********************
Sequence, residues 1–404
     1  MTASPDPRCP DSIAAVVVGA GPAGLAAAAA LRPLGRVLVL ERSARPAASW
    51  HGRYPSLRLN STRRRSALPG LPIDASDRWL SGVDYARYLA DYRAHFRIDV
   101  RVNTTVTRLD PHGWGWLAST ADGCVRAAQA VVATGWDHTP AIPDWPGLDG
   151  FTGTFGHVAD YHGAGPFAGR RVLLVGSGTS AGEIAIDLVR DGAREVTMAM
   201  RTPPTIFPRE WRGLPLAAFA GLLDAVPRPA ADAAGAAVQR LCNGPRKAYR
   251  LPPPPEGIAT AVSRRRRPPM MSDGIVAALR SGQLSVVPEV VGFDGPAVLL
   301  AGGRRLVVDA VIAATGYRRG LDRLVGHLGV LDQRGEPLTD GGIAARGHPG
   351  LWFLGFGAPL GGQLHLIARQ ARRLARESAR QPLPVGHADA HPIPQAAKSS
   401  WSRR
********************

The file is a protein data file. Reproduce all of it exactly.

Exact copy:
Sequence, residues 1–404
     1  MTASPDPRCP DSIAAVVVGA GPAGLAAAAA LRPLGRVLVL ERSARPAASW
    51  HGRYPSLRLN STRRRSALPG LPIDASDRWL SGVDYARYLA DYRAHFRIDV
   101  RVNTTVTRLD PHGWGWLAST ADGCVRAAQA VVATGWDHTP AIPDWPGLDG
   151  FTGTFGHVAD YHGAGPFAGR RVLLVGSGTS AGEIAIDLVR DGAREVTMAM
   201  RTPPTIFPRE WRGLPLAAFA GLLDAVPRPA ADAAGAAVQR LCNGPRKAYR
   251  LPPPPEGIAT AVSRRRRPPM MSDGIVAALR SGQLSVVPEV VGFDGPAVLL
   301  AGGRRLVVDA VIAATGYRRG LDRLVGHLGV LDQRGEPLTD GGIAARGHPG
   351  LWFLGFGAPL GGQLHLIARQ ARRLARESAR QPLPVGHADA HPIPQAAKSS
   401  WSRR